Read Frosty Drew Observatory and Science Center's Update on SARS-CoV-2 / Coronavirus Disease 2019 and our Reopening Plan. Updated: August 5, 2020

Log, Jun 20, 2003

16 people. Brad Brown and I were talking when Ernie Evans showed up with his usual pessimistic appraisal of the nights viewing. Can't blame Ernie's pessimism, or more correctly realism. On average this year he'd be batting better than 750 and that would get you a quick trip to the Baseball Hall of Fame if he had been wielding a bat rather than a scope. I've done a bit of research and have come up with the following sad fact. From the moment of the winter solstice last December until the summer solstice this afternoon (around 3 on Saturday) we'll will have had the all time wettest combined Winter and Spring if we get as little as a half inch of rain from the low pressure building to our south. We are currently in 3rd place with two other years just edging us out. And the forecast you ask? Why rain of course.

In spite of this, and my own warnings to assembled kids (and hopeful adults), we actually had a decent night until sometime after midnight. By 10 PM the Milky Way was showing excellent detail, with well delineated dark lanes and easily visible clusters in the central regions. Towards the horizons - in Cassiopeia and Sagittarius, damp air obscured viewing. Even a small difference in latitude made a great difference in quality. M54 in Sagittarius remained almost invisible, while M4 near Antares in Scorpio was lovely last night. The guys outside were having fun looking at the various sights in the deep southern sky. For the most part, I was helping people through the 16" scope. We spent a lot of time looking at Jupiter, who is making one of his final appearances this year. In two weeks, it was remarkable how far Jupiter had moved towards the horizon. Its low altitude made it at best a mediocre target.

Albireo high in the sky was another matter. It was bright and intermittently crisp. M57 was quite good, and stood a lot of magnification. Cooling winds aloft sometimes were quiescent allowing sharp view. Other times the two stars skittered about. I spent sometime convincing several people that Jupiter was not the Polaris. I would like to take the nincompoop who started this stupid myth that the brightest star was always the pole star and lock his head in a clamp facing due north at an elevation of just over 41 degrees and say "See, oh thou who art duller than a doorknob, the pole star is not - I say again Not - and for the last time I say unto thee POLARIS IS NOT THE BRIGHTEST STAR!!!"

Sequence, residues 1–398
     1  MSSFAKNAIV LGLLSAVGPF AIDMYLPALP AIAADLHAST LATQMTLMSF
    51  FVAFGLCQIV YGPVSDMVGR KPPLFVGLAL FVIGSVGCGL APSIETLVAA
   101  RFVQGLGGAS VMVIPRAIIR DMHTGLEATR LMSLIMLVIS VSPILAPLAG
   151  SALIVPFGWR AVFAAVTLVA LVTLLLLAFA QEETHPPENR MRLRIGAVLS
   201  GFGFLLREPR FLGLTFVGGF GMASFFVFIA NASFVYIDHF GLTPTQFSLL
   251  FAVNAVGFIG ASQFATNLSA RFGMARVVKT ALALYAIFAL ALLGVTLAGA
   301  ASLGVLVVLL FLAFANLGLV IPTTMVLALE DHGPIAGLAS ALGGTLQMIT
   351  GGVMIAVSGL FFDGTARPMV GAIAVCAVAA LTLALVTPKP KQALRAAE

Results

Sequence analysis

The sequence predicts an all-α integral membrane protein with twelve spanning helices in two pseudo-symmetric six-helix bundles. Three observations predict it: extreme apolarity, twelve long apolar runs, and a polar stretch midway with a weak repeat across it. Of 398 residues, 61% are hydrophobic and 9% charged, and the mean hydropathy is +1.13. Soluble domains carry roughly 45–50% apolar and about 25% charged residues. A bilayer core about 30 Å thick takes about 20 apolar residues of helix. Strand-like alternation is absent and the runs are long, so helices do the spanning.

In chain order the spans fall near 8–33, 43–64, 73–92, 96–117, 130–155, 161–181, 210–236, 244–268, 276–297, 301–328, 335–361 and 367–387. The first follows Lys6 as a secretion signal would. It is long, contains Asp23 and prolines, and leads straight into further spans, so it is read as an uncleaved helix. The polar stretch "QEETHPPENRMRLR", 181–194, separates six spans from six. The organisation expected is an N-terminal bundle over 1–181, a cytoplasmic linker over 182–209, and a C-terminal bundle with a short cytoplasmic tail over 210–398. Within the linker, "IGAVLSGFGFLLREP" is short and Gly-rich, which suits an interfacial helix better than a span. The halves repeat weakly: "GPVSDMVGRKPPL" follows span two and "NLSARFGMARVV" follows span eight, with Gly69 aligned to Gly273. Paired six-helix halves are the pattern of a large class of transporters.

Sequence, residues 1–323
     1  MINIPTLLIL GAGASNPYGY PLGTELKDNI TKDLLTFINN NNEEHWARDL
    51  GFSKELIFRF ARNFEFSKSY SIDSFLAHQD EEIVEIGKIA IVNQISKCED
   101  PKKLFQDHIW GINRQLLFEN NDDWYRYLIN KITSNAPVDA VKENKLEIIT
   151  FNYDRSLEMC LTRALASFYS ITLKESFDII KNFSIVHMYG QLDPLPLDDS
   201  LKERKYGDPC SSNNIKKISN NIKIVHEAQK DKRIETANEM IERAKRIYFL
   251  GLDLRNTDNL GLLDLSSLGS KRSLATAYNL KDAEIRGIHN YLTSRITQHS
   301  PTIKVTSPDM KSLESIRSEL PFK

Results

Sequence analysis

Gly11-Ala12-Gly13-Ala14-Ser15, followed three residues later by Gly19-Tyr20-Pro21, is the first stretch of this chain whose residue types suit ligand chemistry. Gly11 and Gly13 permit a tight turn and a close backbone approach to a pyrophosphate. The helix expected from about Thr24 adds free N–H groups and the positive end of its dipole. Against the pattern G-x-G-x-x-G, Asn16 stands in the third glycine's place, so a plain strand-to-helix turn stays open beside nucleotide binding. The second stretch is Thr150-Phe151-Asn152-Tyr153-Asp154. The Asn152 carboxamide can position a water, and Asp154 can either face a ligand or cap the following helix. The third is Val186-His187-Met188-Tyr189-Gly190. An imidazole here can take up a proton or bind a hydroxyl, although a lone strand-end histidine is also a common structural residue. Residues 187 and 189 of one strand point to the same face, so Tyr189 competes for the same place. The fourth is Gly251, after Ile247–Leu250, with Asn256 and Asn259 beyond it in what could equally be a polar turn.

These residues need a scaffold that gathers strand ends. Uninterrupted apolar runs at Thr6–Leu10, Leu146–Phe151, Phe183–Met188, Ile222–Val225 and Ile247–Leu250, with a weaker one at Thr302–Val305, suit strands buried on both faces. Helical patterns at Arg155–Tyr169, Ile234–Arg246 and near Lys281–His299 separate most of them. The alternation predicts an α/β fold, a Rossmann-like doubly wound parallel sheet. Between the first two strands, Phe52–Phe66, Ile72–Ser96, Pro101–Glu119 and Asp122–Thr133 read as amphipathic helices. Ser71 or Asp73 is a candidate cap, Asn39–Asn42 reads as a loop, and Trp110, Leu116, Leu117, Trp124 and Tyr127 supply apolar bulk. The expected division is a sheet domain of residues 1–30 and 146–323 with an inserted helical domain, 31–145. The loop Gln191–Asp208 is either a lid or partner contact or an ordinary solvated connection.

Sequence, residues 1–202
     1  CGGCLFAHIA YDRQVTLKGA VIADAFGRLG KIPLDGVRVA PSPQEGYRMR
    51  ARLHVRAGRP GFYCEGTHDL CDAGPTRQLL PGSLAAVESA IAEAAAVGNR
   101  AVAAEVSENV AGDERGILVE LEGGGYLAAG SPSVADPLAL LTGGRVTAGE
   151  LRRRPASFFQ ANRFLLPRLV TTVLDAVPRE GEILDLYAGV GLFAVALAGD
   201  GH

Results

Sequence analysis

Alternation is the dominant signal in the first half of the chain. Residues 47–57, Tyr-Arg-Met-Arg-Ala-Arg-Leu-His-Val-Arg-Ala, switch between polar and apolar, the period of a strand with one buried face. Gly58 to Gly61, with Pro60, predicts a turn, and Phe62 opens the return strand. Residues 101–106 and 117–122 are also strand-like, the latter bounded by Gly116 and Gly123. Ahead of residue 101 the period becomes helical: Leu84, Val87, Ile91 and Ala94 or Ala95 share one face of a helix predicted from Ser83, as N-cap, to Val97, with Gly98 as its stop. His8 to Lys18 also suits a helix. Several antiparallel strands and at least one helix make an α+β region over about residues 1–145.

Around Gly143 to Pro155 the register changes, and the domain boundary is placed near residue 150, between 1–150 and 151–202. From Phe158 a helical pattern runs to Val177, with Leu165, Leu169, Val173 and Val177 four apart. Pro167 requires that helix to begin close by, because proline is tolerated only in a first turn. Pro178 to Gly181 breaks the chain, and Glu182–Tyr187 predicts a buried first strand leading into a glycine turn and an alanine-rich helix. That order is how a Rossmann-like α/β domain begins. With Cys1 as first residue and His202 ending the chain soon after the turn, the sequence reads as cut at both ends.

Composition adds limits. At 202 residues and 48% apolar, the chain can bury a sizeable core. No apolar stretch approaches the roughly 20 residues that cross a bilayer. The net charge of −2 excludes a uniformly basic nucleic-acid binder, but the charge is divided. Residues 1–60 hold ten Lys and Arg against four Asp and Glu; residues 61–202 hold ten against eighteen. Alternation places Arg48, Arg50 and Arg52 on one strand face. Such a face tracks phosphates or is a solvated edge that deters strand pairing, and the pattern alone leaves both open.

As the evening wore on, Ernie asked if we could try to split Antares. Well, the answer is we could try - but merely trying does not mean success. We both sort of convinced ourselves that we could see an elongation with Antares in the center and the secondary star at about 11 o'clock. We checked and sure enough the position angle was 93.7 degrees. Nice going guys, 93.7 degrees is at 3 (not 11) o'clock. We were only off by 120 degrees. This is like driving to Dallas via Fargo. Duhhh. At least it shows the value of making a observation before you read the references. We probably would have used averted imagination to "see" the secondary star at 3 if we had known before hand where it was located.

I will let you know for sure later in the month and again early in July, but it very much looks like we will be closed July 11 and July 18. The Big Apple Circus will be in town on the 11th and the Moon will be full in Sagittarius as well. This will exclude deep space viewing that night. On the 18th, it may be possible to get some deep space viewing in early, but the Moon will be three quarters waning right near Mars, so view of the red planet will be poor. Maybe this will reduce the downtime potential, but I regret that it may be necessary in any case.

-Les Coleman

Leslie Coleman
Author:
Leslie Coleman
Entry Date:
Jun 20, 2003
Published Under:
Leslie Coleman's Log
Subscribe to Leslie Coleman's Log RSS Feed